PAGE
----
Sir Henry Lee remained still confused, and una. ble to answer, when there arrived a fourth person, whom the cries of Alice had summoned to the spot. This was Joceline Joliffe, one of the under-keepers of the walk, who, seeing how matters stood, brandished his quarter-staff, a weapon from which he never parted, and having made it describe the figure of eight in a flourish through the air, would have brought it down with vengeance upon the head of the steward, had not Sir Henry interposed.
We must trail bats now, Joceline-our time of shouldering them is passed. It skills not striving against the hill the devil rules the roast, and makes our slaves our tutors.”
At this moment another auxiliary rushed out of the thicket to the knight's assistance. It was the large wolf-dog, in strength a mastiff, in form and almost in fleetness a greyhound, which we have already mentioned. Bevis was the noblest of the kind which ever pulled down a stag, tawny-coloured like a lion, with a black muzzle and black feet, just edged with a line of white round the toes. He was as tractable as he was strong and bold. Just as he was about to rush upon the soldier, the words “ Peace, Bevis !" from Sir Henry, converted the lion into a lamb, and, instead of pulling the soldier down, he walked round and round, and snuffed, as if using all his sagacity to discover who the stranger could be, towards whom, though of so questionable an appearance, he was enjoined forbearance. Apparently he was satisfied, for he laid aside his doubtful and threatening demonstra. tions, lowered his ears, smoothed down his bristles, and wagged his tail.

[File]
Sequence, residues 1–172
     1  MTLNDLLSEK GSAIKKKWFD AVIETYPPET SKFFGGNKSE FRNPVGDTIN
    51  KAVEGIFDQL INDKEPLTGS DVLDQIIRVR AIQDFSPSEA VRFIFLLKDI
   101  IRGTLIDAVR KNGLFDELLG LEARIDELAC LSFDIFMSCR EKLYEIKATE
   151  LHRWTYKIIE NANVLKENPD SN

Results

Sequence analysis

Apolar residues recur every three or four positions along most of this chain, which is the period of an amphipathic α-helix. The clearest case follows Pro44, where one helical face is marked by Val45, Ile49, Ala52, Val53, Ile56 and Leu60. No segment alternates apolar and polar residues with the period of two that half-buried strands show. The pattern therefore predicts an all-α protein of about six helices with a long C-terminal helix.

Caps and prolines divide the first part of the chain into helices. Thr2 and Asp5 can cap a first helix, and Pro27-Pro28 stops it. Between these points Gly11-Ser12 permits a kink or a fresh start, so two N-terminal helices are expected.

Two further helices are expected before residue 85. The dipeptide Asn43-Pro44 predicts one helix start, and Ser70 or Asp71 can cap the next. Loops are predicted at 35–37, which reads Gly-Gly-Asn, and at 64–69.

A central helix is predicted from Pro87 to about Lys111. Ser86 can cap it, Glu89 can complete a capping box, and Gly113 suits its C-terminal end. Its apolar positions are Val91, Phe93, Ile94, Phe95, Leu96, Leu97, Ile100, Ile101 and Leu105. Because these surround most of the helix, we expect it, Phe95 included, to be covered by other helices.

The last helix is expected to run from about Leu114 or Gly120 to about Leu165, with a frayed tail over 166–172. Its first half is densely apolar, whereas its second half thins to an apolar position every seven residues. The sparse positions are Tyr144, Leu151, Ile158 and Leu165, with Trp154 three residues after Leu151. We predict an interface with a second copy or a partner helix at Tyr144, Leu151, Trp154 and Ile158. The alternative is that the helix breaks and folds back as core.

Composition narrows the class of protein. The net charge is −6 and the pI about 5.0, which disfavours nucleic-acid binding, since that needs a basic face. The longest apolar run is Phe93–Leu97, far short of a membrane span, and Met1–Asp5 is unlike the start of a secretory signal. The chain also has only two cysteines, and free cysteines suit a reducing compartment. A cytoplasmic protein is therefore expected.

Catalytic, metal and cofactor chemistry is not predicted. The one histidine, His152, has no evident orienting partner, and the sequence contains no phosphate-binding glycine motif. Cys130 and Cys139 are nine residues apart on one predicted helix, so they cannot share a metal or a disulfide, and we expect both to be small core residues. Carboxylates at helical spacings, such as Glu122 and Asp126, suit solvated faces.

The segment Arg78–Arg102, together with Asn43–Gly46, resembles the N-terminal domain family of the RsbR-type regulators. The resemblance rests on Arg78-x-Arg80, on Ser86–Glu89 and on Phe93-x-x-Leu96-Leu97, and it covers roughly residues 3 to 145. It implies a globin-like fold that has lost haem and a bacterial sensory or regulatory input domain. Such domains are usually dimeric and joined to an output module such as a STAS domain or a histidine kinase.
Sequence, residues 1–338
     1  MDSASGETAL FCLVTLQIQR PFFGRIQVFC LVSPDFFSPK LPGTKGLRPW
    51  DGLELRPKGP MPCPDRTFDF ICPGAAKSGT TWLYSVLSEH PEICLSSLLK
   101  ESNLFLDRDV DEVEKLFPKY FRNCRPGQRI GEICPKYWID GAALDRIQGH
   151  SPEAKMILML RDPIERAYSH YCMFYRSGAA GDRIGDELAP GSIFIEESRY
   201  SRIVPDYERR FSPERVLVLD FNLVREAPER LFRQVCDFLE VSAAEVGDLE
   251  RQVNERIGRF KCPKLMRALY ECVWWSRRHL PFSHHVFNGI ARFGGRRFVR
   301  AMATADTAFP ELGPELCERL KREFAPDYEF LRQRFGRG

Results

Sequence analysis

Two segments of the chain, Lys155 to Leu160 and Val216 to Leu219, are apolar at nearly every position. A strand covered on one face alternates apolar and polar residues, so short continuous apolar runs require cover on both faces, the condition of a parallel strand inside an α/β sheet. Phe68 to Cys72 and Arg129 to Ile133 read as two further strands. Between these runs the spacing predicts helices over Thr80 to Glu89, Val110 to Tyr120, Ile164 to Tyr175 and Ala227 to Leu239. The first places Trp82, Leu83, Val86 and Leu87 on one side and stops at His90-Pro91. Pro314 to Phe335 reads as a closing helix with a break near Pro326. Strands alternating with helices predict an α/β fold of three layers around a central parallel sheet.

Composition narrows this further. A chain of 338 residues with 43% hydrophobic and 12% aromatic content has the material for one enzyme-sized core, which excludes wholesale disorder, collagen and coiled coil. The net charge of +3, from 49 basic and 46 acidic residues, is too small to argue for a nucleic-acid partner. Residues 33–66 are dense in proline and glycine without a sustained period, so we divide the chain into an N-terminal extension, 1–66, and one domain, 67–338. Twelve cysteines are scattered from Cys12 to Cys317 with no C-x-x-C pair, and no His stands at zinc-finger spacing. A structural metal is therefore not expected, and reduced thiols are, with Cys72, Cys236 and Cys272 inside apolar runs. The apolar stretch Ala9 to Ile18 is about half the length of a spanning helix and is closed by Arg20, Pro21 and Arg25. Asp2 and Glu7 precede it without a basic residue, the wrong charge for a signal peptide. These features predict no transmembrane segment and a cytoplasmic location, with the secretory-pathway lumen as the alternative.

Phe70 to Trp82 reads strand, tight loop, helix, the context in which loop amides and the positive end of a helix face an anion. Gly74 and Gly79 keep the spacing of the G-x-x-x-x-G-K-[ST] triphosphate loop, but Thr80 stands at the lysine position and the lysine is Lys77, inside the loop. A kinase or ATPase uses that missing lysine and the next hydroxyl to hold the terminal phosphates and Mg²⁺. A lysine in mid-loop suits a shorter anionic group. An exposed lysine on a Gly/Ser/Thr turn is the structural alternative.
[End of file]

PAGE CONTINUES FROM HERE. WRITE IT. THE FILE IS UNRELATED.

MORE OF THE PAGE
Sir Henry, who had great respect for the sagacity of his favourite, said in a low voice to Alice, “ Bevis is of thy opinion, and counsels submission. There is the finger of Heaven in this to punish the pride, ever the fault of our house.-Friend," he continued, addressing the soldier, “ thou hast given the finishing-touch to a lesson, which ten years of constant misfortune have been unable fully to teach me. Thou hast distinctly shown me the folly of thinking that a good cause can strengthen a weak arm. God forgive me for the thought, but I could almost turn infidel, and belieye that Heaven's blessing goes ever with the longest sword ; but it will not be always thus, God knows his time.-Reach me my Toledo, Joceline, yonder it lies; and the scabbard, see where it hangs on the tree. Do not pull at my cloak, Alice,